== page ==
Many of us wonder what we ever did without our smartphones. These electronic marvels give us information at our fingertips. If you go to anyplace where people gather, you’re likely to see more people with their eyes locked onto a phone than looking into the eyes of the person they’re with.
Smartphones and other mobile devices have incredible capability. They’re more than phones. They’re more than cameras. They are also more than small, portable PCs. The cleverest developers have leveraged the amazing features and processing power to create apps that appear to work like magic.
Developers have also created apps that allow that “magic” to provide help to people with disabilities. In some cases, they improve communication. In others, they help kids learn to overcome cognitive challenges. For people with disabilities, these aren’t just an exciting new feature. Some of these apps help make disabilities all but disappear.
Here are 10 amazing apps that can unlock many limitations and barriers for people with disabilities:
1. Be My Eyes
It’s impressive to sighted people how well a confident blind person can function in the world. If any one of us who can see were to suddenly lose their vision, we’d be completely lost. Still, there remain frustrating moments when a little visual help can make a big difference to a blind person. Through the Be My Eyes app, volunteers accept calls and look through the blind person’s smartphone camera feed to explain what they see. They help interpret visual information. This might include reading text, finding a sign, understanding an unfriendly user interface design (like those on old vending machines) and even checking the expiration date on a food product.
2. Look at Me
People with cognitive disabilities such as autism typically have trouble making eye contact. It’s often described as overwhelming, a burning feeling when directly looking at another person. As a result, they get in the habit of looking away. When the person is not practiced at reading expressions, they also fail to understand what certain facial expressions may mean. The Look at Me app from Samsung is designed to help in a couple of ways. First, it serves as a bridge: People with autism generally like using electronic devices; they can look at the screen and point the camera at their partner (the face on the screen is easier for them to look at). Second, the app then helps interpret and coaches them to look for the meaning behind the expression. The video at this site link shows how effective the app can be, gradually helping a child to look into his mother’s face.
Talkitt, created by Voiceitt, is speech-recognition technology designed to help people who have speech disabilities or difficulty being understood, and to do so in real time. Although the app is still in beta stage, the company behind the app is currently testing with partners in the US, Europe and Israel. Projected launch is scheduled for the end of 2016.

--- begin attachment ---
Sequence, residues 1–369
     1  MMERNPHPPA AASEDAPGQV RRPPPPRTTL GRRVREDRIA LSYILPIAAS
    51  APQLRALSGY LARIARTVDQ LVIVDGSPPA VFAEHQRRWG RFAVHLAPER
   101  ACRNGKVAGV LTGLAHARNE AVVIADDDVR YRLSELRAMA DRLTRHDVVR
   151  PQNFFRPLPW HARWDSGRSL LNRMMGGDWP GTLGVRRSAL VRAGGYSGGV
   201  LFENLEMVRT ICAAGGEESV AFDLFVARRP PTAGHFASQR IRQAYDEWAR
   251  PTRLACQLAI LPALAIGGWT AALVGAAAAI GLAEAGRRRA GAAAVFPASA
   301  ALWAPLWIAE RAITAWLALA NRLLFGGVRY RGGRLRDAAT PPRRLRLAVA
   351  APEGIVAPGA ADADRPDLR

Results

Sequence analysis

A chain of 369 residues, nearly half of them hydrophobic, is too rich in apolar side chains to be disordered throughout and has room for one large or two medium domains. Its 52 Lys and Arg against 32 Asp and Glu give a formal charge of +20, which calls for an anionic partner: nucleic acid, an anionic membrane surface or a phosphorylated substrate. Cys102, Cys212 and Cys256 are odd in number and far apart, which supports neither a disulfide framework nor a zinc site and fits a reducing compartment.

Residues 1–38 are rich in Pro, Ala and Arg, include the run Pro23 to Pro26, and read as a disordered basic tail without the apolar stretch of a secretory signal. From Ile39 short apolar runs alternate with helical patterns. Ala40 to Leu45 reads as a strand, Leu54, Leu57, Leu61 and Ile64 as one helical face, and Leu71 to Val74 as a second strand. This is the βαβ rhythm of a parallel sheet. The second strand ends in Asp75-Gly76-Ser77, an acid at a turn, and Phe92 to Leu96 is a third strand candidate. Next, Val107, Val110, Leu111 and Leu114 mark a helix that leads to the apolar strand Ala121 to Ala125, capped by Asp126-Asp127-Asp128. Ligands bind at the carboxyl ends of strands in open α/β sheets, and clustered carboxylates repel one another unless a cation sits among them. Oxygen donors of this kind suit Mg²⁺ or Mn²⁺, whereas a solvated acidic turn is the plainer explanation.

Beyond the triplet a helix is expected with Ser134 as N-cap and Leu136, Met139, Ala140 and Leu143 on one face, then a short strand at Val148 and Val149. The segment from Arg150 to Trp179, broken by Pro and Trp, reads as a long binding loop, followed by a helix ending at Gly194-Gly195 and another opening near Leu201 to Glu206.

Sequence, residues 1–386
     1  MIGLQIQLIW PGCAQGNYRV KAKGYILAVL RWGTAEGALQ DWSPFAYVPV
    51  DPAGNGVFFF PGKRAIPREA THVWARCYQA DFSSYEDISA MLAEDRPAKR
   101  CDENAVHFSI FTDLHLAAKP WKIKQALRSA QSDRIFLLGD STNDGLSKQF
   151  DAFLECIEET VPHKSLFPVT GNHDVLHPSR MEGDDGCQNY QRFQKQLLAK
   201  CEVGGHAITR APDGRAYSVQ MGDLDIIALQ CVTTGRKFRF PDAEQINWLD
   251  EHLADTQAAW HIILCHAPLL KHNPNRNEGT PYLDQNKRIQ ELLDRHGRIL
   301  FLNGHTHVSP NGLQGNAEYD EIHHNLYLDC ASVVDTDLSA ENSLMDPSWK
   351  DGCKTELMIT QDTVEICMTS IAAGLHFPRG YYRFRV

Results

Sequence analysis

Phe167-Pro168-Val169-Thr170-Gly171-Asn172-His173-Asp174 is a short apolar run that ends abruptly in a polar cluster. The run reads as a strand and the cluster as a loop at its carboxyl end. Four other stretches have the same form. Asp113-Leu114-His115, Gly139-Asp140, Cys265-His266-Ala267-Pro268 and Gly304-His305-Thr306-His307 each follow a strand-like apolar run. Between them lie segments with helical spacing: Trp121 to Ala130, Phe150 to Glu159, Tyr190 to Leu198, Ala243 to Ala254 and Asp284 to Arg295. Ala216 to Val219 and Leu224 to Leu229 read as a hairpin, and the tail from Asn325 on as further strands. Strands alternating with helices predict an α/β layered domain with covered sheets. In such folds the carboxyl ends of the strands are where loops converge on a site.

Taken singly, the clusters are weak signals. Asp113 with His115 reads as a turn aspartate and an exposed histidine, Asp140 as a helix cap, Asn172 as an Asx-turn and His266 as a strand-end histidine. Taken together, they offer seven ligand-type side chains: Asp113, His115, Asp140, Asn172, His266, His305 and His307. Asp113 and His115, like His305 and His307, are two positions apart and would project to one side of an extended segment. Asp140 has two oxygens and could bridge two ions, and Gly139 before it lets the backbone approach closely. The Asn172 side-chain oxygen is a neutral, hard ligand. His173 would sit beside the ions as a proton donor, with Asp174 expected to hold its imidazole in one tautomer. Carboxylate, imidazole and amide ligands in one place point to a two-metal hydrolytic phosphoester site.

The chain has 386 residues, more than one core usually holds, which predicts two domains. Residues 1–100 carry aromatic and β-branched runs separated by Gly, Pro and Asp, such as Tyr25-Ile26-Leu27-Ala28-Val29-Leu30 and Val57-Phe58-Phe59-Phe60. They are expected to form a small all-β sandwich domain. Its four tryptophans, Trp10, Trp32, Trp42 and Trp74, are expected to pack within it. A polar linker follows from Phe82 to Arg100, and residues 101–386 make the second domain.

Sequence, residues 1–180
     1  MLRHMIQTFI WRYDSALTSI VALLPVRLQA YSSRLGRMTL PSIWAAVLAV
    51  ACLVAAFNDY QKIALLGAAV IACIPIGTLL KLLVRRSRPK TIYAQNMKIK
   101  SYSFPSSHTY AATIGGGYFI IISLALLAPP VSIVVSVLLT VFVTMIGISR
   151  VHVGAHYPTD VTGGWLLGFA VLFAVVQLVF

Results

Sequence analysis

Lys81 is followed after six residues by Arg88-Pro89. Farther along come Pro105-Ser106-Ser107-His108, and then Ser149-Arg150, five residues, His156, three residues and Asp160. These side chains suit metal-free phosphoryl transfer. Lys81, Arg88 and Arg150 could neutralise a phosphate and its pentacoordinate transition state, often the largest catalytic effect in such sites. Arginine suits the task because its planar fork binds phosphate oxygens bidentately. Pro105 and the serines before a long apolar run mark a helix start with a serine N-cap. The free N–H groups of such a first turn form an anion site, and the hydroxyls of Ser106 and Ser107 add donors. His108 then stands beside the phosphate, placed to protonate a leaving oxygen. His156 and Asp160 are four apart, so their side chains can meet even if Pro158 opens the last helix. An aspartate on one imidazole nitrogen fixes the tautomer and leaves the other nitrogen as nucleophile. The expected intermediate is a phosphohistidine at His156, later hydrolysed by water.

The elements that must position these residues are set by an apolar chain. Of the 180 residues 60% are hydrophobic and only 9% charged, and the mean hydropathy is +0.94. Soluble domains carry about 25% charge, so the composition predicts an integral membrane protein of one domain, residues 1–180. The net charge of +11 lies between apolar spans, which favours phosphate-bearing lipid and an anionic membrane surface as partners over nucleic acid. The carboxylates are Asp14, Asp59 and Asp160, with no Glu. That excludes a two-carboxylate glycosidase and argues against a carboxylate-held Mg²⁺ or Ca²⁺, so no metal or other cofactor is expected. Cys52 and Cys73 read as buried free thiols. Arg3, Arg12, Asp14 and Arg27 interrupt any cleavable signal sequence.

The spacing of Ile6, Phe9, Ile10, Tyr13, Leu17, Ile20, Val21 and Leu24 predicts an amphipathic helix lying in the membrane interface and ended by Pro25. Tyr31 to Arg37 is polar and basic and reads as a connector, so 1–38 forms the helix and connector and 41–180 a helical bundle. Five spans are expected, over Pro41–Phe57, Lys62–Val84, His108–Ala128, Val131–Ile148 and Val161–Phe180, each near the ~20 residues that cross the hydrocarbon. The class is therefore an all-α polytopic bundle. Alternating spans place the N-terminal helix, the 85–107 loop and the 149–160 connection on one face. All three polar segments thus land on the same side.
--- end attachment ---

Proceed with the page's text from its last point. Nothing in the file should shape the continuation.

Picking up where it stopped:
4. RogerVoice & Live Caption
Voice recognition has come a long way in recent years. The RogerVoice app adds captions to regular phone calls. Using it, deaf people can make regular phone calls. The person on the other end can hear their voice. What is spoken back shows up as text on the screen. This is much faster, more convenient and less expensive than a relay service (where a person acts as an intermediary typing what is spoken for the deaf person to read).
Android (Live Caption)
An amplification and level-filtering app – “personal sound amplifier” – designed to help the hearing impaired, HearYouNow is aimed at those without hearing aids. The limitation of hearing often shows up initially as an inability to distinguish sounds. If a person is in a loud space like a cafeteria, the din of noise in the room makes it very hard to accurately make out the conversation at their own table. An app like this helps boost sound levels and filter out high, low or mid-range levels from the noise. For the right person, this app may be just what is needed to help them function comfortably without hearing aids.
iOS – HearYouNow
6. First Then Visual Schedule
The First Then Visual Schedule app features visual prompts to help those with cognitive disabilities like autism plan and then follow a schedule using images rather than text. You can upload your own images to enhance familiarity. The app also has built in timers to keep users on schedule.
Avaz is a visual image tool designed to make it easier for people with a cognitive disability like autism, to express themselves through pictures. In the same way, it also helps those with Down syndrome, Angelman’s syndrome, cerebral palsy and other speech disabilities
Android lite and pro versions are available
8. Pillboxie and My PillBox
These two apps provide reminders to take pills and also help with pill identification. This can help those with or without disabilities who need to take medication on a regular basis.
The DyslexiaKey app keyboard features a font specifically designed to improve readability for those with reading disabilities like dyslexia. The heavy base designed into this special font helps prevent the cognitive reversing that often occurs.
MySugr is a tracking app for logging, recording and watching blood-sugar levels – a huge aspect for helping people who deal with diabetes. Tracking levels and learning about what causes changes helps teach control. This app also has built-in coaching features.
Learning Ally – Audio versions of textbooks and a wide range of books free to use by anyone who has a diagnosed print disability like reading or visual impairment. The audio is read by volunteers.
These are just a few examples of thousands of apps that are available. Plus the list changes every day. Search the Web for other apps to help whatever disability you or your loved one faces. Each one can help unlocking parts of the world, sometimes in little ways and other times ways that are huge!